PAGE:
Wednesday, January 23, 2008

Winter harvest

There’s an old saying that firewood keeps you warm twice: Once when you’re cutting it and once when you’re burning it. But that’s not why winter was the time for woodcutting among the old farmers who lived in town a century or three ago.

Winter was woodcutting time for more practical reasons. First and foremost, farmers had the time – there were no crops that needed tending in January and February.

In winter, it was easier to pull large loads of wood on a sledge or “stoneboat” because the winter woodlands were usually covered with snow or ice and the forest floor did not have much of the thick underbrush that made travel among the trees difficult at other times.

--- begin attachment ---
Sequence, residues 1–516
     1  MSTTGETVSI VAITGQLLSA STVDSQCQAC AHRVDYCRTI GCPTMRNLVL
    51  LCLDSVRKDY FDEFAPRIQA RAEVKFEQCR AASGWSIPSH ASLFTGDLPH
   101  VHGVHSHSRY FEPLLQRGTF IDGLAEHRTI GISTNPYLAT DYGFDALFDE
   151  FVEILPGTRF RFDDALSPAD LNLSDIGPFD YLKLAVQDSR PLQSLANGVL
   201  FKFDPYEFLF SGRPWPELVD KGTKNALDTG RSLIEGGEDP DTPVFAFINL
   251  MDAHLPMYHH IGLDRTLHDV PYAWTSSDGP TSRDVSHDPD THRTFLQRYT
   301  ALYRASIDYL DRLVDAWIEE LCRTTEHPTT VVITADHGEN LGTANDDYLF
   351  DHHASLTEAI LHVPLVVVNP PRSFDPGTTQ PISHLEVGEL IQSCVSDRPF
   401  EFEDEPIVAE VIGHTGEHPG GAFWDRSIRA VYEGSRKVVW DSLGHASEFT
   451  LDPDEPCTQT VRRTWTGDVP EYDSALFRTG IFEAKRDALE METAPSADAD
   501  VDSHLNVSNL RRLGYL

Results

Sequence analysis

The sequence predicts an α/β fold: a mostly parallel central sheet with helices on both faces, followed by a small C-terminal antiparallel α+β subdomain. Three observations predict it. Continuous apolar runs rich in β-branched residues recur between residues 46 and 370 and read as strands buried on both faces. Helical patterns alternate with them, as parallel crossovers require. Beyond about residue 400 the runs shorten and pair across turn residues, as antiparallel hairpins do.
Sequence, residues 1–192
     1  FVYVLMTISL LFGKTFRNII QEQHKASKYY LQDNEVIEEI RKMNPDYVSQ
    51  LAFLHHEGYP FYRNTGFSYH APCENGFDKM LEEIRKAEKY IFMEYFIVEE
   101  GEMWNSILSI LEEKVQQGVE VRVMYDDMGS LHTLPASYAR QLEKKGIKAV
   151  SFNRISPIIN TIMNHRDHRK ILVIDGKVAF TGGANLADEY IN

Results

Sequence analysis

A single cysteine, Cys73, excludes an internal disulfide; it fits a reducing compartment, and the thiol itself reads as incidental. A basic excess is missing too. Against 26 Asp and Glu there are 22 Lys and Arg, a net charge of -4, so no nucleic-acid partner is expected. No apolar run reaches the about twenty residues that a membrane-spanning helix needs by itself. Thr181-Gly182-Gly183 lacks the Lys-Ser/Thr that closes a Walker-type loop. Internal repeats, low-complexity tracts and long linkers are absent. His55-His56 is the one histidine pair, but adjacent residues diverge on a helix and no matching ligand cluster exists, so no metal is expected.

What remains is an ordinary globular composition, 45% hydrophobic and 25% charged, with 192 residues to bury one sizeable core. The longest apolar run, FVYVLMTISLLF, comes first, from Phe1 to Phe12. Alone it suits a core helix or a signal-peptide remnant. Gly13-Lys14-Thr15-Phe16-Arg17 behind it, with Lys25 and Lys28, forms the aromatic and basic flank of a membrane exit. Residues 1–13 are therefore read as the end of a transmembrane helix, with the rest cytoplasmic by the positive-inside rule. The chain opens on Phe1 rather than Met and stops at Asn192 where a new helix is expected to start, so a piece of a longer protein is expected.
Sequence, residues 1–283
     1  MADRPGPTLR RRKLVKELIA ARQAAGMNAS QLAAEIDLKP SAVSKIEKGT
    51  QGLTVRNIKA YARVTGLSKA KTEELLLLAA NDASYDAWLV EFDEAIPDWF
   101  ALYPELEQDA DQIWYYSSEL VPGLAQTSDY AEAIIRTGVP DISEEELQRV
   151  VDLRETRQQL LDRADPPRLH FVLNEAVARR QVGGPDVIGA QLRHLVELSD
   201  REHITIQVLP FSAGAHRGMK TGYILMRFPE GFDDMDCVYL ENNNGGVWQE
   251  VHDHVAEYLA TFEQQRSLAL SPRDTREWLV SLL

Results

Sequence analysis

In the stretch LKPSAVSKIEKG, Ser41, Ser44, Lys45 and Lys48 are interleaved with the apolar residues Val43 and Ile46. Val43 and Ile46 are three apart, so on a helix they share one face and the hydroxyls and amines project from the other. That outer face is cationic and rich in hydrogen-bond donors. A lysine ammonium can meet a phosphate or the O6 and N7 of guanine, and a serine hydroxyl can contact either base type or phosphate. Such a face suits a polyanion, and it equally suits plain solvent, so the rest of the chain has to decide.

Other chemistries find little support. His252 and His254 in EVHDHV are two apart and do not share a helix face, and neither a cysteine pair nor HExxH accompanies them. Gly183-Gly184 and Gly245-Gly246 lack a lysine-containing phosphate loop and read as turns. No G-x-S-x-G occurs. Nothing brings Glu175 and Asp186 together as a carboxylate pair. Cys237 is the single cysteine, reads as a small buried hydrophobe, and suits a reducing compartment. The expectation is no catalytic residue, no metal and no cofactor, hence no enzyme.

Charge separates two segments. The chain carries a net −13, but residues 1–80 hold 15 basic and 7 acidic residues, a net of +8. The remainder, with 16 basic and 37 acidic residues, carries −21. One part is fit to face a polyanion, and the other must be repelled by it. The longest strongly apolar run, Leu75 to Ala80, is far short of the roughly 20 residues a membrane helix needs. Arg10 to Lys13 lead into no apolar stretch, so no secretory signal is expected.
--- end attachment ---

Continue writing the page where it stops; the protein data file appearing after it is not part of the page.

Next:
The wood was drier in winter, lacking the sap found in spring, summer and fall. Logs would season more quickly and be safe and ready for the following winter’s home fires.

Good farmers loved the outdoors and always needed something to do. Wood was their winter harvest.

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